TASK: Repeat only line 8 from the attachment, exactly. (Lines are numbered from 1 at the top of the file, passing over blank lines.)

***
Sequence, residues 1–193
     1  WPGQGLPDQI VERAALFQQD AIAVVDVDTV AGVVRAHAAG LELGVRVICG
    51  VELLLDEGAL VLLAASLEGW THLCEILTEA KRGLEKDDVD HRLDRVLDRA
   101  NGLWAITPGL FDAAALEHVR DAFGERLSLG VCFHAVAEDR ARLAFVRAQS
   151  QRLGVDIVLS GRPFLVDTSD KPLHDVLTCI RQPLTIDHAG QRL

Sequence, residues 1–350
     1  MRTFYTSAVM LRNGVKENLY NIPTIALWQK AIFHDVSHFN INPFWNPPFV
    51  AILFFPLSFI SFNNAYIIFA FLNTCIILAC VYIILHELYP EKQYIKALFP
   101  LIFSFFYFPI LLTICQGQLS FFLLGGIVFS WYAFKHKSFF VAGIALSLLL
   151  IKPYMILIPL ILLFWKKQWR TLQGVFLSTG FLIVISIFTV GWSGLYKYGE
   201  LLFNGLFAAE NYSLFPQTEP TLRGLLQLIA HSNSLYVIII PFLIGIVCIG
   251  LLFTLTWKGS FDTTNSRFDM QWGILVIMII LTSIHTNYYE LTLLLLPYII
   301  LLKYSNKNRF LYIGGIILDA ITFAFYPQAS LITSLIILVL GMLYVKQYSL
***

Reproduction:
    51  AILFFPLSFI SFNNAYIIFA FLNTCIILAC VYIILHELYP EKQYIKALFP